As we fight through the cold weather that often comes with January, sinking your teeth into a nice, juicy peach may seem like the perfect way to trick your brain into thinking it's actually a swelteringly hot summer day. For now, however, that might not be the safest way to fight your seasonal affective disorder. On Friday, the U.S. Food and Drug Administration announced that peaches, plums, and nectarines distributed by Jac. Vandenberg, Inc. have been recalled due to possible Listeria contamination.
Though no illnesses linked to the fruit have been reported so far, 1,727 cartons of fresh peaches, 1,207 cartons of fresh nectarines, and 365 cartons of fresh plums have been recalled after the result of a routine sampling by Jac. Vandenberg, Inc's packing house revealed the products contained the bacteria. The recalled fruit was distributed to stores in Alabama, California, Georgia, Illinois, Kentucky, Maine, Massachusetts, Michigan, Mississippi, New Jersey, New York, North Carolina, Ohio, Pennsylvania, South Carolina, Tennessee, West Virginia, and Virginia. Stores that stocked the now-recalled fruit include both national grocery chains like Aldi, Costco, and Walmart and regional chains like Fairway Market, Hannaford, and Market Basket.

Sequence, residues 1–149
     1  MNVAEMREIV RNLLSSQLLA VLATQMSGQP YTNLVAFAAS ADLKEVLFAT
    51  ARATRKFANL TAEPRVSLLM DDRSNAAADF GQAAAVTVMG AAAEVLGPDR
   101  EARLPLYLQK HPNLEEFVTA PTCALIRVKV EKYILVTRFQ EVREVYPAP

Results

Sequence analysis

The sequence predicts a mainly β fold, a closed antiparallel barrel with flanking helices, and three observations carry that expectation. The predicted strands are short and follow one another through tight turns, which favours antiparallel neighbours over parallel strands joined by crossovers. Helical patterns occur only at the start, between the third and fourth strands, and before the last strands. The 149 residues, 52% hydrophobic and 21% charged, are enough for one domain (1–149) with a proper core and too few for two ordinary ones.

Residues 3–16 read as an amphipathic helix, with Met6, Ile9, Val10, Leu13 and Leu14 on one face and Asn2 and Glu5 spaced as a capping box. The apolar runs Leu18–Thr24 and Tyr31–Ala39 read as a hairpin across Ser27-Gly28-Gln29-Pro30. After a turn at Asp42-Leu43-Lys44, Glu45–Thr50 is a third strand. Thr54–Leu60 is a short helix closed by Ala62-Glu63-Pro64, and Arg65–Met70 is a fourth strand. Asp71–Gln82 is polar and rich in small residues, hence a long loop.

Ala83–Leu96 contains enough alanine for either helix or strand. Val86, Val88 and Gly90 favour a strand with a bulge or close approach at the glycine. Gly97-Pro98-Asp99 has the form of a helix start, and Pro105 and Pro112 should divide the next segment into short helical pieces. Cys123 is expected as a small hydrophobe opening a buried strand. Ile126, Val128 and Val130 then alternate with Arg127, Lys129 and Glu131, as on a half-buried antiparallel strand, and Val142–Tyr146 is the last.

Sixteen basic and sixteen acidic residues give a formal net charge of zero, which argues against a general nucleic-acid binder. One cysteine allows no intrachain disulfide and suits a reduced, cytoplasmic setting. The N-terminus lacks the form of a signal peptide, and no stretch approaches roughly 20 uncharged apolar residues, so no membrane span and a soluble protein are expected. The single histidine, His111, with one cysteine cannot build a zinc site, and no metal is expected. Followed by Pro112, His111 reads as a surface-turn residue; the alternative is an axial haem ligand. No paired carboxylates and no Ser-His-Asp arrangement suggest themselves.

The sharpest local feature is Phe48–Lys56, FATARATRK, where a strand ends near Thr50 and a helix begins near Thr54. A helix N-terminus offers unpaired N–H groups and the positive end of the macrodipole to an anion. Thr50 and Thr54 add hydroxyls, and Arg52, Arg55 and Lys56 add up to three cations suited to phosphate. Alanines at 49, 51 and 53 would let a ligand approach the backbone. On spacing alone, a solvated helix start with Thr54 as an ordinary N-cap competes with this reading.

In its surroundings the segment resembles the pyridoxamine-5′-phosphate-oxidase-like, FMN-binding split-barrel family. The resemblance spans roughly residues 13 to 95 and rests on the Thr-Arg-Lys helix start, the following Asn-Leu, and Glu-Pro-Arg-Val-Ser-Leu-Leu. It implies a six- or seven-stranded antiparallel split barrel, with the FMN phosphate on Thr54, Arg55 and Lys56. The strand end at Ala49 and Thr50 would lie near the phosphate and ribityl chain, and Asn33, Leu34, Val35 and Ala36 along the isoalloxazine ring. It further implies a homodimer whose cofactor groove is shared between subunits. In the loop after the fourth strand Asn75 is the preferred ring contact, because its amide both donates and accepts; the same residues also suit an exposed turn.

The FDA explained that the peaches and nectarines are being sold as a bulk retail produce item with PLU stickers reading 4044, 3035, or 4378 and listing Chile as the country of origin. The peaches, nectarines, and plums sold at Aldi are packaged in two-pound bags with the brand Rio Duero and the article number 7804650090281, 7804650090298, or 7804650090304. The nectarines sold at Costco are packaged in four-pound plastic clamshells with the brand Rio Duero and article number 7804650090212.
The FDA is encouraging those who have purchased any of the recalled products to return the items to where they were purchased for a full refund. Do not consume the fruit, and reach out to firstname.lastname@example.org with questions.
Listeria can cause fever, muscle aches, headache, stiff neck, confusion, loss of balance, and convulsions. These symptoms are also sometimes preceded by diarrhea and other gastronomical issues, according to the USDA. Listeria is especially harmful to pregnant women, as it can cause miscarriages, stillbirths, premature delivery, or life-threatening infection of the newborn. It can also cause serious and sometimes fatal infections in older adults and those with weakened immune systems.